5 Ways To Build Your Team’s Inner Leadership
How do we keep our teams motivated? I believe that the answer to that is inner leadership.
You know what it is like to work in a highly motivated team. When your team is firing on all cylinders, the energy that creates and the work that gets done is phenomenal. And you also know the drag of trying to get this happening with a team that is listless and has no heart or skin in what they are doing. And that leads us to the golden question… How do we keep our teams motivated? I believe that the answer to that is inner leadership.
Ok, I have just thrown that term out there. If this article had a soundtrack, there would be a dramatic crescendo at the point. Now cue the curious tickling tunes while I tell you what I mean by inner leadership.
Inner Leadership is the way that you lead yourself first and others second.
Inner Leadership is the way that you lead yourself first and others second. It is having a clear internal compass on how to move forward and having self-mastery over your thoughts and disruptive emotions. It is the ability to speak up for yourself and others, and it is knowing what you are responsible for and what you are aren’t. And Inner leaders take all of this into how they connect with others.
Now, what has this got to do with motivation? Not much if you are a carrot or stick motivator but everything if you are looking to have a team lit up from within. Let’s explore how it works (Cue dramatic music)
Aligning the Inner Compass
One of the biggest challenges you face when motivating your team is getting them to buy into your team’s vision and purpose and align it with their own. For some team members, this is as easy as making a cup of tea, for others you may have the feeling that you will never get on the same page. To create this alignment, you need 3 ingredients. Firstly you need to know what the purpose and the vision is of your team. On the flip side, you need for your team members to discover what their vision is for being in the team. Then knowing how to communicate through this in a way that allows for everyone to feel like a valuable part of what you are trying to get done.
What has self-mastery got to do with motivation? Well, we all know what it is like to want to change a habit from stopping yourself from eating that 4 pm chocolate bar to pressing the snooze bar when we had promised ourselves to get up and go for a run before work. We also see it in the workplace. The extra trips to the photocopier to procrastinate, the endless working through emails that aren’t the high priority task that we need to be doing. Self-mastery doesn’t create motivation, it supports and facilitates it.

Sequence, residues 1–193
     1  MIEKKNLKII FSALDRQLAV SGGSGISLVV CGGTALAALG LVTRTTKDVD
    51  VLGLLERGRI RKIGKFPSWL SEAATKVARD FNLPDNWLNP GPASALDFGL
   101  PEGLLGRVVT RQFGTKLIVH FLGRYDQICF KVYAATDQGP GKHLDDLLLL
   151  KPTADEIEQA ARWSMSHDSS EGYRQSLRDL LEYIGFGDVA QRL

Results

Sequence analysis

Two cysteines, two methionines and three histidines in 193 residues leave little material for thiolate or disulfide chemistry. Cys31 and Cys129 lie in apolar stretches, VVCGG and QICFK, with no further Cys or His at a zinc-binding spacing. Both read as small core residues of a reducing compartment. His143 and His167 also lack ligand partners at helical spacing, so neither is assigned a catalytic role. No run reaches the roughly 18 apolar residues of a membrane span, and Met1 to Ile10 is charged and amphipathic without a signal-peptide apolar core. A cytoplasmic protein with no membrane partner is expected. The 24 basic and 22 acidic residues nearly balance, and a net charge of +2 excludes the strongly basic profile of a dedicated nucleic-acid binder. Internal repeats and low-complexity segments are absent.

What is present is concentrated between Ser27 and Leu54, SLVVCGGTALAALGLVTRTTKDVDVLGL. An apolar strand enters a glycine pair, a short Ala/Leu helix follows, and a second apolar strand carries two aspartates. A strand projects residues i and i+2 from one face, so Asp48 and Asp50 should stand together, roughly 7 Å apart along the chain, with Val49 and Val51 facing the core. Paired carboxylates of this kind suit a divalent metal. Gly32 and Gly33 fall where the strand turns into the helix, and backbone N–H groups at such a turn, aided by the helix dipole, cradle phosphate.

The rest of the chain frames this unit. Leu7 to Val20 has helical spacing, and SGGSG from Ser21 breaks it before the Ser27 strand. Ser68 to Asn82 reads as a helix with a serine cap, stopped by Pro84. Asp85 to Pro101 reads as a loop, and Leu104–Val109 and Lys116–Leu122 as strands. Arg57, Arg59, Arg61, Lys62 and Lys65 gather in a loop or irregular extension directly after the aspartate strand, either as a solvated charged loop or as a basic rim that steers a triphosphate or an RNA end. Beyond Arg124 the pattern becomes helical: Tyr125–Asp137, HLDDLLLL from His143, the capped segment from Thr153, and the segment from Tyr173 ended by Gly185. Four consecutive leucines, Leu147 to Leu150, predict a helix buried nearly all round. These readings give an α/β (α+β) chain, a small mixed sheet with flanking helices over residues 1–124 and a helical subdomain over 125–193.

So how do you build this within your team? I believe in a two-fold approach. Training to develop self-mastery and then integration time. Give your team pockets of time with the resources that they need to continue to grow this. It is a practice, not an aha moment that will build this capacity.
Nothing is more motivating than having skin in the game, and a great way to get your team to have that is to include their ideas. I know that I will work much much harder to see an idea that I have had come into being than following the idea of someone else. Now I know that this isn’t always practical yet I still challenge you to keep looking for ways to open up communication, so your team has a forum to share their thoughts and ideas.
The other side of this is friction and conflict. Whether it is out in the open conflict, or you have a couple of elephants in the room with your team, and no one is talking about it. Both scenarios leave people not wanting to speak up. This is when creating a platform for discussion is even more crucial.
As well as creating the platform for discussions, also providing training to support your staff to build the confidence and the skill to speak up with integrity is crucial to inner leadership.
Inner Leadership – It isn’t an instant solution; it is a powerful and long-lasting one.
Responsible – Yes or No
One of the biggest things that kill motivation is a culture of blame and even worse, a culture of shaming. This happens when there is no understanding of self-responsibility. Blame occurs when someone has a big surge of negative emotions and dumps them on someone else. If each person on your team is responsible for their feelings, their thoughts and their own words, there is no blame.
Providing training to your team on building self-responsibly will grow motivation like spring rain for your lawn.
Connect and connect again
If self-responsibility is like rain, connection is the sunshine. Feeling like you are all in this together, part of something more significant than yourselves creates a high-performance environment. Supporting your team to build connections with you and with each other will see motivation souring.
Now the closing music starts up as I encourage you to think about supporting the inner leadership of your team. It isn’t an instant solution; it is a powerful and long-lasting one. What small step can you make to day?
Do you want to motivate your team but don’t know where to start? I invite you to have a 20-minute team motivation analysis session with me. We will look at the dynamic of your team, the team environment and your leadership style to shine a light on how you can boost motivation Book a time here.
Trish Everett is a mindset coach and communication geek with a passion for creating workplaces that people love to work at. She is also a lecturer of Wellness Coaching at RMIT uni and is passionate about conversations that bring positive change.